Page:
1911 Encyclopædia Britannica/Adige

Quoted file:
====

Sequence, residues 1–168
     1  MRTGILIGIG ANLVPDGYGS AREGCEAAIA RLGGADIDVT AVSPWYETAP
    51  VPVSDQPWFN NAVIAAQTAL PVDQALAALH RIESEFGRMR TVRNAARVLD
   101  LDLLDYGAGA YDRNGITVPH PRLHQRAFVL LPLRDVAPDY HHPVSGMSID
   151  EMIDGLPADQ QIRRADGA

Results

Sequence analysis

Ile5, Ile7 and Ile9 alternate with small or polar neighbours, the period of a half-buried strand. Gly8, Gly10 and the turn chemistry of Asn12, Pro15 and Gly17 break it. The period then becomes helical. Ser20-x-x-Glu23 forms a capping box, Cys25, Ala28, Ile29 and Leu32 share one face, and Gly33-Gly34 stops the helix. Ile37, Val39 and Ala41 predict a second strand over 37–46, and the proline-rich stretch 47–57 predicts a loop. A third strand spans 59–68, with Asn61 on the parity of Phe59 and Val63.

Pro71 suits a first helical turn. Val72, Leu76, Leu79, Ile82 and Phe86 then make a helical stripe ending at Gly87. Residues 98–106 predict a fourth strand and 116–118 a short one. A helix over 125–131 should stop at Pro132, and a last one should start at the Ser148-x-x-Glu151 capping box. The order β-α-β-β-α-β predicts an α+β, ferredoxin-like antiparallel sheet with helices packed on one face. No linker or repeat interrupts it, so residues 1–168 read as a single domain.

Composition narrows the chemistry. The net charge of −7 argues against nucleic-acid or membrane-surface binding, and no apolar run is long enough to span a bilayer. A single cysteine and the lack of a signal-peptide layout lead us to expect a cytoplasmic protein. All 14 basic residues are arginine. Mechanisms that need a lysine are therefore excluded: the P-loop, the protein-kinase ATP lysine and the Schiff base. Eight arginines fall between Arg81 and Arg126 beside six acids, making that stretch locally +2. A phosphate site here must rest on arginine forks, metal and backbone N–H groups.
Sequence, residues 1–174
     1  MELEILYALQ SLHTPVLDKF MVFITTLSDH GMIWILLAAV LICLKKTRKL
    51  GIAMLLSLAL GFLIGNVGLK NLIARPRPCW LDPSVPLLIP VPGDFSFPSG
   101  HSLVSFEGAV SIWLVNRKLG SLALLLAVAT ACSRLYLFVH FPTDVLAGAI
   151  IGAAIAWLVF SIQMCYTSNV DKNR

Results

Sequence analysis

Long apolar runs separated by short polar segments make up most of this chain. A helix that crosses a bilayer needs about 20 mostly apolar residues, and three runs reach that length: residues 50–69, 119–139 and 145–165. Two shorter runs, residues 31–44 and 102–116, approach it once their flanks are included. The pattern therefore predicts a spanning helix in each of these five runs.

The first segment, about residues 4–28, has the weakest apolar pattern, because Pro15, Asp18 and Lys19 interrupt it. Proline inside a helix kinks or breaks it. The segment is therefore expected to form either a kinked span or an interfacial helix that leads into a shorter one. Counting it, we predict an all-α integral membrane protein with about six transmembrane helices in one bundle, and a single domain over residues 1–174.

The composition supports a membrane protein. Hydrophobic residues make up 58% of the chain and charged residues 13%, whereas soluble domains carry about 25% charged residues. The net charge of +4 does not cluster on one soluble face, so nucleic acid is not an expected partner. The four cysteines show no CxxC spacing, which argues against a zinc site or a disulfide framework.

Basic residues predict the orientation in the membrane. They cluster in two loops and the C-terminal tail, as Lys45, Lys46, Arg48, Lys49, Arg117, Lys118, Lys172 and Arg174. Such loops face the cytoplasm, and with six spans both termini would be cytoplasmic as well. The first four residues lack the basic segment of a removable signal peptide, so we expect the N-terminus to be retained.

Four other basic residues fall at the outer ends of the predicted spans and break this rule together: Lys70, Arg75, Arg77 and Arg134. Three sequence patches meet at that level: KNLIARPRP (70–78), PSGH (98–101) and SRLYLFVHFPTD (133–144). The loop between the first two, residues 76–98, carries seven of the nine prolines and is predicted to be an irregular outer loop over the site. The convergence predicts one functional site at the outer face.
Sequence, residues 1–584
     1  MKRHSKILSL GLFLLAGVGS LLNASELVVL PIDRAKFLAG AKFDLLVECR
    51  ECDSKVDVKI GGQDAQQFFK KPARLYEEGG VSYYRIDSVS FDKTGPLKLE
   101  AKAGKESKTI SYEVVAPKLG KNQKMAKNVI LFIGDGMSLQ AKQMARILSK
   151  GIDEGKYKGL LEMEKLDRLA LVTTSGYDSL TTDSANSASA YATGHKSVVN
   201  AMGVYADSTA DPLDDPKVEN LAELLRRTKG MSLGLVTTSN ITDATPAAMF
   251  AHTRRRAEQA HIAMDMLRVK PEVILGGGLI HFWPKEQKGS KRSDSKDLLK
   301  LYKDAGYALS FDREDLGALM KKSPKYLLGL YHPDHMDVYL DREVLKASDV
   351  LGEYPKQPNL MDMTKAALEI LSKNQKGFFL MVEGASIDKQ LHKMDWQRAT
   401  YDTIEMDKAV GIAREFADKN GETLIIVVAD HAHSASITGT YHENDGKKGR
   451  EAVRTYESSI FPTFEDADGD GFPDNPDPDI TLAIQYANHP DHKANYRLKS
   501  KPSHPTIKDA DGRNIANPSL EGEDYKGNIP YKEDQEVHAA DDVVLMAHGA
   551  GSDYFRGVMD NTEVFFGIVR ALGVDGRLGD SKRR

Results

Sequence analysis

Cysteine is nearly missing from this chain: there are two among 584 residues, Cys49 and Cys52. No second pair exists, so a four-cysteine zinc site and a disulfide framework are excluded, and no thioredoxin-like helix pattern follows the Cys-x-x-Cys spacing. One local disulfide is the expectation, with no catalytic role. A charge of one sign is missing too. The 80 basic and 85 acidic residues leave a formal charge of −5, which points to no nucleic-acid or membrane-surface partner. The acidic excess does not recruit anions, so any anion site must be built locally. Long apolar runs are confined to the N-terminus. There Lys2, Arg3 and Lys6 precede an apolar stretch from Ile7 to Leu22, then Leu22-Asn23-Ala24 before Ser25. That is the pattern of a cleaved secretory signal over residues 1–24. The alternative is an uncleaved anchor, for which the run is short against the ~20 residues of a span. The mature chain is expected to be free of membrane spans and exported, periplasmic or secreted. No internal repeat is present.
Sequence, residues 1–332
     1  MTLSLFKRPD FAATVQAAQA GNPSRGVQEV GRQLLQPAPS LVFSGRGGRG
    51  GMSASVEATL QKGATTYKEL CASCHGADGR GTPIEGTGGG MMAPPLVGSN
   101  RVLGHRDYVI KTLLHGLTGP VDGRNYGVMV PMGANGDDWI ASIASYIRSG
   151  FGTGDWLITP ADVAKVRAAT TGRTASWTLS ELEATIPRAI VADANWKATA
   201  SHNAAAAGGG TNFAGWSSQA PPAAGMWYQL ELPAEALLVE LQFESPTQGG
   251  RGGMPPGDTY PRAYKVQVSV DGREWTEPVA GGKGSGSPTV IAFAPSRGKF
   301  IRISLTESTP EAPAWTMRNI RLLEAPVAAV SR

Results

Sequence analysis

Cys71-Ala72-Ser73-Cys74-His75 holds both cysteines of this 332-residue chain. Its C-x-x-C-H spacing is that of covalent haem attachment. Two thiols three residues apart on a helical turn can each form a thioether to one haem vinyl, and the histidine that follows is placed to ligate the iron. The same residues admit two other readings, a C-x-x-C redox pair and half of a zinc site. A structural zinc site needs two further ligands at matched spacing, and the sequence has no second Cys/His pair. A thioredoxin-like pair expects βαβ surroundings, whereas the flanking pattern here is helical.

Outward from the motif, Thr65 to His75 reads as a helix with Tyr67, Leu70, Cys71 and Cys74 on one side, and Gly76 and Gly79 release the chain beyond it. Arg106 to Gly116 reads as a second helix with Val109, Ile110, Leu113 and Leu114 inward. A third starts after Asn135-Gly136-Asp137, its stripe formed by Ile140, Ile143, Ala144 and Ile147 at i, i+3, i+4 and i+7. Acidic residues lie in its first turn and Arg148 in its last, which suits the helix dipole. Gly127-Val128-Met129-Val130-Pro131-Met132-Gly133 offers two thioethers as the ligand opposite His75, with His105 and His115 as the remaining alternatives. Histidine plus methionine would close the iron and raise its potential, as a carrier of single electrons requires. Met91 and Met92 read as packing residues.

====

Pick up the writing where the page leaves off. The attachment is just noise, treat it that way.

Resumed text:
ADIGE (Ger. Etsch, anc. Athesis), a considerable river in North Italy. The true source of the Adige is in some small lakes on the summit of the Reschen Scheideck Pass (4902 ft.), and it is swollen by several other streams, near Glurns, where the roads over the Ofen and the Stelvio Passes fall in. It thence flows east to Meran, and then south-east to Botzen, where it receives the Eisak (6 ft.), and becomes navigable. It then turns south-west, and, after receiving the Noce (right) and the Avisio (left), leaves Tirol, and enters Lombardy, 13 m. south of Rovereto. After traversing North Italy, in a direction first southerly and then easterly, it falls into the Adriatic at Porto Fossone, a few miles north of the mouth of the Po. The most considerable towns on its banks (south of Botzen) are Trent and Rovereto, in Tirol, and Verona and Legnago, in Italy. It is a very rapid river, and subject to sudden swellings and overflowings, which cause great damage to the surrounding country. It is navigable from the heart of Tirol to the sea. In Lombardy it has a breadth of 200 yds., and a depth of 10 to 16 ft., but the strength of the current renders its navigation very difficult, and lessens its value as a means of transit between Germany and Italy. The Adige has a course of about 220 m., and, after the Po, is the most important river in Italy. In Roman times it flowed, in its lower course, much farther north than at present, along the base of the Euganean hills, and entered the sea at Brondolo. In A.D. 587 the river broke its banks, and the main stream took its present course, but new streams opened repeatedly to the south, until now the Adige and the Po form conjointly one delta.